. . are not entitled to the assumption of truth. While legal
conclusions can provide the framework of a complaint, they
must be supported by factual allegations.”
Iqbal, 556 U.S. at 679; see also Twombly,
550 U.S. at 555 n.3 (“Rule 8(a)(2) still requires a
‘showing, ' rather than a blanket assertion, of
entitlement to relief. Without some factual allegation in the
complaint, it is hard to see how a claimant could satisfy the
requirement of providing not only ‘fair notice' of
the nature of the claim, but also ‘grounds' on
which the claim rests.”).
complaint can be frivolous either factually or legally. Any
complaint that is legally frivolous would ipso facto
fail to state a claim upon which relief can be
granted.” Hill, 630 F.3d at 470 (citing
Neitzke v. Williams, 490 U.S. 319, 325, 328-29
Whether a complaint is factually frivolous under §§
1915A(b)(1) and 1915(e)(2)(B)(i) is a separate issue from
whether it fails to state a claim for relief. Statutes
allowing a complaint to be dismissed as frivolous give
“judges not only the authority to dismiss a claim based
on an indisputably meritless legal theory, but also the
unusual power to pierce the veil of the complaint's
factual allegations and dismiss those claims whose factual
contentions are clearly baseless.” Neitzke,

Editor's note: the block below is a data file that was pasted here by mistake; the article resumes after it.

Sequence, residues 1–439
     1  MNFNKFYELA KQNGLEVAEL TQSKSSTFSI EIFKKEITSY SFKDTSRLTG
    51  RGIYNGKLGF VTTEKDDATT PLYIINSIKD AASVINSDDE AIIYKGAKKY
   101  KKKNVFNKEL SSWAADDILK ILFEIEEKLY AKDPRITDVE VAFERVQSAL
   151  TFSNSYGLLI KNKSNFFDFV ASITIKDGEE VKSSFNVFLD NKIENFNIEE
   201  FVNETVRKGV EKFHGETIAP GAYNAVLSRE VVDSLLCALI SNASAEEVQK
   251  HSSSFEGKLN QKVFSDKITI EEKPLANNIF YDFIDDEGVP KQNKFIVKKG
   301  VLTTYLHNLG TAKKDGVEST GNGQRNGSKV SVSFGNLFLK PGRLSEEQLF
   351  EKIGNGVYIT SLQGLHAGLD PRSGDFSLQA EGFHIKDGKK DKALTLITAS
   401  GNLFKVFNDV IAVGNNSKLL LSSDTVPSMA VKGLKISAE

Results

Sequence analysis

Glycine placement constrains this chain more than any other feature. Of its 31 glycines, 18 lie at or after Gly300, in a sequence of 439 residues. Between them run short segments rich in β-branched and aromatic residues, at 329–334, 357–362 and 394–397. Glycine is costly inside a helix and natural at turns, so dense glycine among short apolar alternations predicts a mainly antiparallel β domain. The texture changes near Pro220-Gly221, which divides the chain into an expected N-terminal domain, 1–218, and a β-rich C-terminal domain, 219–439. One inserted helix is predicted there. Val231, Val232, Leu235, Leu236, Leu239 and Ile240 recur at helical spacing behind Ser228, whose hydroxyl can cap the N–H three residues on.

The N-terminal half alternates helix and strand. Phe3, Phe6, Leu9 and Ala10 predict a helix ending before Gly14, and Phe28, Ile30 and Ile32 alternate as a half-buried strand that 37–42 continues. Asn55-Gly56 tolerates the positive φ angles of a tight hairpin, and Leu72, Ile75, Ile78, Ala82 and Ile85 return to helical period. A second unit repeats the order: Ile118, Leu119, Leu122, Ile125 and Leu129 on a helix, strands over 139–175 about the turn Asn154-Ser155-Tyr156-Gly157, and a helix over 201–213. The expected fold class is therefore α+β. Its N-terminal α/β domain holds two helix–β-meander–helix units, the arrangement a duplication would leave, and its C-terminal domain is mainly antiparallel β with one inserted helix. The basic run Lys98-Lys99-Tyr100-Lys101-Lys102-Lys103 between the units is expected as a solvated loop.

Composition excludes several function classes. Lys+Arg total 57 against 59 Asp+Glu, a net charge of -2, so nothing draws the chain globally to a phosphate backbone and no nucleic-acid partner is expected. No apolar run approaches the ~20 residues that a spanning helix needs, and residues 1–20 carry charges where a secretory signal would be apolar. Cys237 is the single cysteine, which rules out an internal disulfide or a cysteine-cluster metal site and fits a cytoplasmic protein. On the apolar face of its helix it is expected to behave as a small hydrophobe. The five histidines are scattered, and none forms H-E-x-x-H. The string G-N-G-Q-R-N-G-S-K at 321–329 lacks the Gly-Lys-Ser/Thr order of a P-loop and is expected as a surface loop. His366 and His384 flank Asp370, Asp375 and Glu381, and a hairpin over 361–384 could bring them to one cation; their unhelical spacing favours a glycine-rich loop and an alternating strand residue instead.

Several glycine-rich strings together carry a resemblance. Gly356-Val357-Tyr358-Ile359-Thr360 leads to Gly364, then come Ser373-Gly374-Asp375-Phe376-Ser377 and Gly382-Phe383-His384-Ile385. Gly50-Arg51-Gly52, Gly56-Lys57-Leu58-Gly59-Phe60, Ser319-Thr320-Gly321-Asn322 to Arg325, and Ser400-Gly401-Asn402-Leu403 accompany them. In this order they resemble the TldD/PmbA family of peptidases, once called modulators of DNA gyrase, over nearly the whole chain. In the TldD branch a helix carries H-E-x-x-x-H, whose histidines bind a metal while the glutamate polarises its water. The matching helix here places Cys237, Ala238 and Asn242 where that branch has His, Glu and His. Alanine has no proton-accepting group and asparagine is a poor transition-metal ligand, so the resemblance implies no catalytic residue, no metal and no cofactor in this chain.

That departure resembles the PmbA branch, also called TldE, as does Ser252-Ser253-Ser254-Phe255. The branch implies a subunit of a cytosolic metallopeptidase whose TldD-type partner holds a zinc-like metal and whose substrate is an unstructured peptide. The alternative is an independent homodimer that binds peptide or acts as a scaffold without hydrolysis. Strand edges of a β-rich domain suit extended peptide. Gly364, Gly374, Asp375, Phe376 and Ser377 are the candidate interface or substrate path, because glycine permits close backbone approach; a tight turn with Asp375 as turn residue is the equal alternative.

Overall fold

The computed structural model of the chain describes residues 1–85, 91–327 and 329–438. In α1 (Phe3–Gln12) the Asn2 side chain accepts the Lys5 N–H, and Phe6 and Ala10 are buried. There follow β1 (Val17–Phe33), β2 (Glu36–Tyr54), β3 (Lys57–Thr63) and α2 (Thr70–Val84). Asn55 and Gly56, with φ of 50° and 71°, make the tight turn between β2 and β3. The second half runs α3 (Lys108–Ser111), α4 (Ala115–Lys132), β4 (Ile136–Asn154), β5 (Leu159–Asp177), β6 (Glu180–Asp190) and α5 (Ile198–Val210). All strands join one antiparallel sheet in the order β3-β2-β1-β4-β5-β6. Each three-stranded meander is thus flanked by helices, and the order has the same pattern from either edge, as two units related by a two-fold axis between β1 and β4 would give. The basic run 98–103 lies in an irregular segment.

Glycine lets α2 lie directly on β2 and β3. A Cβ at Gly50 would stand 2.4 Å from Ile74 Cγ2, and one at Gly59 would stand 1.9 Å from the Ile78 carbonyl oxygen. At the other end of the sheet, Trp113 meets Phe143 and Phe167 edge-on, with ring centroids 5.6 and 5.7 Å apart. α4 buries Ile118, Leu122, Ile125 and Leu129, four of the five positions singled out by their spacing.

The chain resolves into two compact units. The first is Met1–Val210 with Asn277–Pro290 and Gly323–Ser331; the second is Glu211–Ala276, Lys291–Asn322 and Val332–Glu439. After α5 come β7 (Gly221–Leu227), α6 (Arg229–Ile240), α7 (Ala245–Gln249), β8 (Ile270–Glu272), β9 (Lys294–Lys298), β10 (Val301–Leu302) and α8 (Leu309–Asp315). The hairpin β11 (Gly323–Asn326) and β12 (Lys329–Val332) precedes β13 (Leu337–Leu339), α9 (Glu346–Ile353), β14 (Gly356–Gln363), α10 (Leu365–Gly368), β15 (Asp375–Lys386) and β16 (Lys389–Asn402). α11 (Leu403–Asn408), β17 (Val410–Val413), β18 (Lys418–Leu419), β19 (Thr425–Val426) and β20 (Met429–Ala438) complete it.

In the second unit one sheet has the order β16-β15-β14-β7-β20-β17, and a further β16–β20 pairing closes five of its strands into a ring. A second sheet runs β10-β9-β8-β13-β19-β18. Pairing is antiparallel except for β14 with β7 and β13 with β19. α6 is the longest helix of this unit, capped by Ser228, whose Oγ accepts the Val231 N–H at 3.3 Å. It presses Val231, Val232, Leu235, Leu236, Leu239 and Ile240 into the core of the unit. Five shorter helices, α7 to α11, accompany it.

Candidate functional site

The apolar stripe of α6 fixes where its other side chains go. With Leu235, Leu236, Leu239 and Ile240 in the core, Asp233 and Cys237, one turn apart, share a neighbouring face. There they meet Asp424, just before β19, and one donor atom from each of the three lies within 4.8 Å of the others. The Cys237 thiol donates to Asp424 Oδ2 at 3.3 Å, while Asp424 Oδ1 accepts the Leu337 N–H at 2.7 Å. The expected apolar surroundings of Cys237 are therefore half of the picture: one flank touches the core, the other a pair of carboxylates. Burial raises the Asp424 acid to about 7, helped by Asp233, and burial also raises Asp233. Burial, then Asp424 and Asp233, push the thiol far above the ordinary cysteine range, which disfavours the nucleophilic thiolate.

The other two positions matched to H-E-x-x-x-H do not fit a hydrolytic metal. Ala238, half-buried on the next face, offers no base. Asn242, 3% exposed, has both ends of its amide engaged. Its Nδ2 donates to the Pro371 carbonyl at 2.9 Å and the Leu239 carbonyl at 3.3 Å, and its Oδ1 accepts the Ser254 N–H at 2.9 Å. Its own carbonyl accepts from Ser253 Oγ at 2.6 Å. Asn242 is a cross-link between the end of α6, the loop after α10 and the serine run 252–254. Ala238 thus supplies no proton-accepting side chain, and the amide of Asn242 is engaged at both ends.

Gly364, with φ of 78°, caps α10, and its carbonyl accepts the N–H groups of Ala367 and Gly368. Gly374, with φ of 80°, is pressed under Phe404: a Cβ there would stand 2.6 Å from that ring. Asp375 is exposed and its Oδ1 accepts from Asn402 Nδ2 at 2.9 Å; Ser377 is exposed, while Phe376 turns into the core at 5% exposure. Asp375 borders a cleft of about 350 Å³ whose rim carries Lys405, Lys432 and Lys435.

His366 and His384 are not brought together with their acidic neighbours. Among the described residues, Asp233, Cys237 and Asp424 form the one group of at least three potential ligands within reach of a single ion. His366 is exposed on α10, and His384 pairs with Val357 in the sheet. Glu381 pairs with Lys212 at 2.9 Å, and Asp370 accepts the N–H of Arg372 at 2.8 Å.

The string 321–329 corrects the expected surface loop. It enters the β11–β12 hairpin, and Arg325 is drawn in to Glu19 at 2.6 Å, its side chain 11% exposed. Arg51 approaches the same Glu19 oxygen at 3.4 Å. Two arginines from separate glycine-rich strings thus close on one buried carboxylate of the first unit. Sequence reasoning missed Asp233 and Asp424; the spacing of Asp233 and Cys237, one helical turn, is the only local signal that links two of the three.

490 U.S. at 327, 109 S.Ct. 1827 (interpreting 28 U.S.C.
§ 1915). Unlike a dismissal for failure to state a
claim, where a judge must accept all factual allegations as
true, Iqbal, 129 S.Ct. at 1949-50, a judge does not
have to accept “fantastic or delusional” factual
allegations as true in prisoner complaints that are reviewed
for frivolousness. Neitzke, 490 U.S. at 327-28, 109
Id. at 471.
se complaints are to be held ‘to less stringent
standards than formal pleadings drafted by lawyers, ' and
should therefore be liberally construed.”
Williams, 631 F.3d at 383 (quoting Martin v.
Overton, 391 F.3d 710, 712 (6th Cir. 2004)). Pro
se litigants and prisoners are not exempt from the
requirements of the Federal Rules of Civil Procedure.
Wells v. Brown, 891 F.2d 591, 594 (6th Cir. 1989);
see also Brown v. Matauszak, 415 F. App'x 608,
612-13 (6th Cir. 2011) (affirming dismissal of pro
se complaint for failure to comply with “unique
pleading requirements” and stating “a court
cannot ‘create a claim which [a plaintiff] has not
spelled out in his pleading'”) (quoting Clark
v. Nat'l Travelers Life Ins. Co., 518 F.2d 1167,
1169 (6th Cir. 1975)) (alteration in original); Payne v.
Sec'y of Treas., 73 F. App'x 836, 837 (6th Cir.
2003) (affirming sua sponte dismissal of complaint
pursuant to Fed.R.Civ.P. 8(a)(2) and stating,
“[n]either this court nor the district court is
required to create Payne's claim for her”); cf.
Pliler v. Ford, 542 U.S. 225, 231 (2004)
(“District judges have no obligation to act as counsel
or paralegal to pro se litigants.”); Young
Bok Song v. Gipson, 423 F. App'x 506, 510 (6th Cir.
2011) (“[W]e decline to affirmatively require courts to
ferret out the strongest cause of action on behalf ...